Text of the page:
Basic Unix

The Commandline

The commandline or 'terminal' is an interface you can use to run programs and analyse your data. If this is your first time using one it will seem pretty daunting at first but, with just a few commands, you'll start to see how it helps you to get things done much quicker. You're probably more familiar with software which uses a graphical user interface, also known as a GUI; unfortunately most of the best bioinformatics software has not been programed with this capability.

Getting started

Before we get started, let's check that you're in the right place. Please click on the cell below and press the crtl and Enter keys. If you're not sure what this command does, don't worry for now; we'll explain it in more detail later.

In [ ]:
echo "cd $PWD"

It should say something like cd /home/manager/pathogen-informatics-training/Notebooks/Unix/basic. Type whatever it said into your terminal and press Enter.

Then continue through the course, entering any commands that you encounter into your terminal window.

However, before getting started there are some general points to remember that will make your life easier:

  • Unix is case sensitive - typing ls is not the same as typing LS.
  • Often when you have problems with Unix, it is due to a spelling mistake. Check that you have not missed or added a space. Pay careful attention when typing commands across a couple of lines.

Files and directories

Directories are the Unix equivalent of folders on a PC or Mac. They are organised in a hierarchy, so directories can have sub-directories and so on. Directories are very useful for organising your work and keeping your account tidy - for example, if you have more than one project, you can organise the files for each project into different directories to keep them separate. You can think of directories as rooms in a house. You can only be in one room (directory) at a time. When you are in a room you can see everything in that room easily. To see things in other rooms, you have to go to the appropriate door and crane your head around. Unix works in a similar manner, moving from directory to directory to access files. The location or directory that you are in is referred to as the current working directory.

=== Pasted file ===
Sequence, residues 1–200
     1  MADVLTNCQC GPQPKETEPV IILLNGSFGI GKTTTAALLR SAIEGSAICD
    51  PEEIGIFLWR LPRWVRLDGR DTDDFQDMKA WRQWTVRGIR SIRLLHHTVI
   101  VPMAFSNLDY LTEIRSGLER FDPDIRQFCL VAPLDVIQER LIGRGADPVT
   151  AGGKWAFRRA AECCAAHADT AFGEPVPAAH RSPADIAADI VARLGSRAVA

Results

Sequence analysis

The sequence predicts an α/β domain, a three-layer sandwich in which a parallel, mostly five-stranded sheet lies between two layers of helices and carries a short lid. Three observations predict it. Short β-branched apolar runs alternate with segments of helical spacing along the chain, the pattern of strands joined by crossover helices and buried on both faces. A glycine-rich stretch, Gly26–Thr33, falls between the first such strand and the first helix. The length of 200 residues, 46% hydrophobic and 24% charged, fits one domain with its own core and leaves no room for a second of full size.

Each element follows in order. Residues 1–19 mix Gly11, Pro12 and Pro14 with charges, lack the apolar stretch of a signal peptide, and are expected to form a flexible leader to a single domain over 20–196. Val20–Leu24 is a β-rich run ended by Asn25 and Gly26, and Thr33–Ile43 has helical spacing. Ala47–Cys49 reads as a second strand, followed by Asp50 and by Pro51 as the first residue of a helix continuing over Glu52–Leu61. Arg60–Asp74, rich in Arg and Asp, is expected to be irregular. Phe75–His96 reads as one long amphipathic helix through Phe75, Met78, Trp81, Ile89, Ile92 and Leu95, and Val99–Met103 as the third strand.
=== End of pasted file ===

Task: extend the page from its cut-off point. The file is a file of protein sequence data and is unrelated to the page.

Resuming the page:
If there is a file called genome.seq in the dna directory its location or full pathname can be expressed as /nfs/dna/genome.seq.

pwd - find where you are

The command pwd stands for print working directory. A command (also known as a program) is something which tells the computer to do something. Commands are therefore often the first thing that you type into the terminal (although we'll show you some advanced exceptions to this rule later).

As described above, directories are arranged in a hierarchical structure. To determine where you are in the hierarchy you can use the pwd command to display the name of the current working directory. The current working directory may be thought of as the directory you are in, i.e. your current position in the file-system tree.

To find out where you are, type this into your terminal.

In [ ]:

Remember that Unix is case sensitive, PWD is not the same as pwd.

pwd will list each of the folders you would need to navigate through to get from the root of the file system to your current directory. This is sometimes refered to as your 'absolute path' to distinguish that it gives a complete route rather than a 'relative path' which tells you how to get from one folder to another. More on that shortly.

ls - list the contents of a directory

The command ls stands for list. The ls command can be used to list the contents of a directory.

To list the contents of your current working directory type:

In [ ]:

You should see that there are 4 items in this directory.

To list the contents of a directory with extra information about the items type:

In [ ]:
ls -l

Instead of printing out a simple list, this should have printed out additional information about each file. Note that there is a space between the command ls and the -l. There is no space between the dash and the letter l.

-l is our first example of an option. Many commands have options which change their behaviour but are not always required.

What do each of the columns represent?

To list all contents of a directory including hidden files and directories type:

In [ ]:
ls -a -l

This is an example of a command which can take multiple options at the same time. Different commands take different options and sometimes (unhelpfully) use the same letter to do different things.

How many hidden files and directories are there?

Try the same command but with the -h option:

In [ ]:
ls -alh

You'll also notice that we've combined -a -l -h into what appears to be a single -alh option. It's almost always ok to do this for options which are made up of a single dash followed by a single letter.

What does the -h option do?

To list the contents of the directory called Pfalciparum with extra information type:

In [ ]:
ls -l Pfalciparum/

In this case we gave ls an argument describing the relative path to the directory Pfalciparum from our current working directory. Arguments are very similar to options (and I often use the terms interchangably) but they often refer to things which are not prefixed with dashes.

How many files are there in this directory?

Tab completion

Typing out file names is really boring and you're likely to make typos which will at best make your command fail with a strange error and at worst overwrite some of your carefully crafted analysis. Tab completion is a trick which normally reduces this risk significantly.